Despite having done a fair and conscientious amount of research I can't find any evidence of the interview itself, the name of the interviewer, the date or location of the interview, or a direct ascertainable factual statement made by Stravinsky which would authenticate the veracity of that particular comment regarding Bach, Beethoven, and James Brown. No secondary or even tertiary sources of information for these statements can be found as the result of a reasonable effort to locate such.

    Again, despite having searched diligently and in good faith all that I have discovered thus far are identical sources of verification in which Hal Neely tells John Miller Chernoff that this is what Stravinsky said without Neely actually providing a readily identifiable and thus verifiable source for this statement thus leading to a conclusion which suggests that the anecdote - while certainly entertaining - may actually be apocryphal.

    I would require a primary source of verification (the original interview itself whether written or spoken rather than Neely's unsubstantiated claim) that would in fact adequately corroborate Stravinsky's having made the quotation referenced in order to accept this as a factual statement rather than as an apocryphal narrative.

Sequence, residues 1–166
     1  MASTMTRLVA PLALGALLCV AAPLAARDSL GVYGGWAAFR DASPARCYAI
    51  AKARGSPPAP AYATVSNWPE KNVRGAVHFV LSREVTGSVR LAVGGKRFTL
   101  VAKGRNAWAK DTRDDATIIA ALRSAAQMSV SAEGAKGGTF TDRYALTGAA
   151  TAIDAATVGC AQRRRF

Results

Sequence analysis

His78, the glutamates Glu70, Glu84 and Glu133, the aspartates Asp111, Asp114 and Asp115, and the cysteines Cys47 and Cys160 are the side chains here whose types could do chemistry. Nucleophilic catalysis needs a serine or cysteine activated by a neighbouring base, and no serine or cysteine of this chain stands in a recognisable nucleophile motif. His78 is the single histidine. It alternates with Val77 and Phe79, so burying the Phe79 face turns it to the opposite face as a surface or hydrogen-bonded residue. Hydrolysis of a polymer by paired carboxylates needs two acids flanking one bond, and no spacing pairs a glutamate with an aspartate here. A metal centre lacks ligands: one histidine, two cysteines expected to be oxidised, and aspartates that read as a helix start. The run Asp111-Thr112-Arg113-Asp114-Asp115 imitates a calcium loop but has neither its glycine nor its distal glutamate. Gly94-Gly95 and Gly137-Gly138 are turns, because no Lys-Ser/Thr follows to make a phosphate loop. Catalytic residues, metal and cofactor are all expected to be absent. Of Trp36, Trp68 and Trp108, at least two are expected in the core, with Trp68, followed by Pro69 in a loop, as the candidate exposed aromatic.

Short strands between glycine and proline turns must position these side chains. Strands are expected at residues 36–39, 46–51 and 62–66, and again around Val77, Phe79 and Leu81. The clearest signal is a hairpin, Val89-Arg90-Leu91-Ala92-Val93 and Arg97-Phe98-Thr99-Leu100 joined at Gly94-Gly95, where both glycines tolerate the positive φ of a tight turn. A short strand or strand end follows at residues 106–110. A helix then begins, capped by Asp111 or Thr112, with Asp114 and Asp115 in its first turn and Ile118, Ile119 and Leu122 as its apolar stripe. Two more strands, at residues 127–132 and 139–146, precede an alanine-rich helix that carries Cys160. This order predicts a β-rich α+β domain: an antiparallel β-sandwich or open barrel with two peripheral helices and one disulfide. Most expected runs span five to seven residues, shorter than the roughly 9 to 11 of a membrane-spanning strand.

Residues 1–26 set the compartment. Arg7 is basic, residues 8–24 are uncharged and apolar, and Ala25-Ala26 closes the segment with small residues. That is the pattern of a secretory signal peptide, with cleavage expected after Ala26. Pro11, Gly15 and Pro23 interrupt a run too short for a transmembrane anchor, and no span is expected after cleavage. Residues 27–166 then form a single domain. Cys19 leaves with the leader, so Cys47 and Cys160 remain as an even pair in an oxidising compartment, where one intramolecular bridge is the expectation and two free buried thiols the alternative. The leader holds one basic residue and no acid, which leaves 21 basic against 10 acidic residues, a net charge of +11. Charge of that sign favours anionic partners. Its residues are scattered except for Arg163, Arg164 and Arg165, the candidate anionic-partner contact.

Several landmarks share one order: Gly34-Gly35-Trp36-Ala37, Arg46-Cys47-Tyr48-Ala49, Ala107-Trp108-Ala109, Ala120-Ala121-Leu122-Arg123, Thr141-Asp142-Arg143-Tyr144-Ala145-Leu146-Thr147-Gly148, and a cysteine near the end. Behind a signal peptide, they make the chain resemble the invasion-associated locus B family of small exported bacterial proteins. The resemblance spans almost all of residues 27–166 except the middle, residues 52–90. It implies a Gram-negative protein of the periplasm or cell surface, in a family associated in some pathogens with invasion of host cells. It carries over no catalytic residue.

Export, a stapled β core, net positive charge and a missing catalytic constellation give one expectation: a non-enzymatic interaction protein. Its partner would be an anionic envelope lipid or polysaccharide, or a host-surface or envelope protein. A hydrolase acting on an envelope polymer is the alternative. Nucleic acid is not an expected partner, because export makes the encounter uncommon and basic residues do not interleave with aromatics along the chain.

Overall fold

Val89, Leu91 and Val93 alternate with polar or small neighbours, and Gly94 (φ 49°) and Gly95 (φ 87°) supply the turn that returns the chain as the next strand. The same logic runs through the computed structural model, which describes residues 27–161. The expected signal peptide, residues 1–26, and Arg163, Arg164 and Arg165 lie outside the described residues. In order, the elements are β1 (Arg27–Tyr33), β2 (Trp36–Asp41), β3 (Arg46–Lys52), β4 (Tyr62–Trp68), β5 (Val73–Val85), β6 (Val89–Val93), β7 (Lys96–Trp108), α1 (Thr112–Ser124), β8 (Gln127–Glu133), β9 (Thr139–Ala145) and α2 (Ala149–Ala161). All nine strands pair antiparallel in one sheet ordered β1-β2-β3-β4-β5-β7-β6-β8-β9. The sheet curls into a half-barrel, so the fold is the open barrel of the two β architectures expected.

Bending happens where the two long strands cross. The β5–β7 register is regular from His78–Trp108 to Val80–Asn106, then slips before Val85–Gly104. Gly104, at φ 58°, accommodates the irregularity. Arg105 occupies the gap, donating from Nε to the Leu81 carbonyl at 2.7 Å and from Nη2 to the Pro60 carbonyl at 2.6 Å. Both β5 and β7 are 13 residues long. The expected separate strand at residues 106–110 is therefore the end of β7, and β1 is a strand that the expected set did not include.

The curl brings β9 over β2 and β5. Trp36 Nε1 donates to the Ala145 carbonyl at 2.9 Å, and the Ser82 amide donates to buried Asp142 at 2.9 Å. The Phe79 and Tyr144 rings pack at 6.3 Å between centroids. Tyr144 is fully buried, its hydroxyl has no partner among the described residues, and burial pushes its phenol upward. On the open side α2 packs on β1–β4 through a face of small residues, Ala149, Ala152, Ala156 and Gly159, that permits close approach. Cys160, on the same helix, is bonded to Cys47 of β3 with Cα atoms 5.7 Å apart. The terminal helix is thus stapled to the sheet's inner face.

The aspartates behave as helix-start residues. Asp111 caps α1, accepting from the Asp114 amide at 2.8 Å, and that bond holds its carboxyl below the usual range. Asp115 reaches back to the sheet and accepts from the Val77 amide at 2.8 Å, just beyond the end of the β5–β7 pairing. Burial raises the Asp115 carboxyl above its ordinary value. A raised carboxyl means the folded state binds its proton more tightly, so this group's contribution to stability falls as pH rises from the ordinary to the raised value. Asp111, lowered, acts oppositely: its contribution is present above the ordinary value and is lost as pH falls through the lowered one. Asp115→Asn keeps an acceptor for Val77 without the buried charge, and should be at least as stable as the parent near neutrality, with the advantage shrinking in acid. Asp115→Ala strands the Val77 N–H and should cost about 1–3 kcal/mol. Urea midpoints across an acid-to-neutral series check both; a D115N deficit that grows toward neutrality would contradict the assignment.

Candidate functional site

Last edited by Mollie John; Oct-21-2019 at 23:04.

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  5. #19
    Senior Member Bwv 1080's Avatar
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    Quote Originally Posted by Mollie John View Post
    That's a genuinely interesting and informative quote but I'm having quite a bit of difficulty trying to find the original source of the quote in which Stravinsky actually makes that statement.

    Despite having done a significant amount of research I can't find any evidence of the interview itself, the name of the interviewer, the date or location of the interview, or a direct ascertainable factual statement made by Stravinsky which would authenticate the veracity of that particular comment regarding Bach, Beethoven, and James Brown.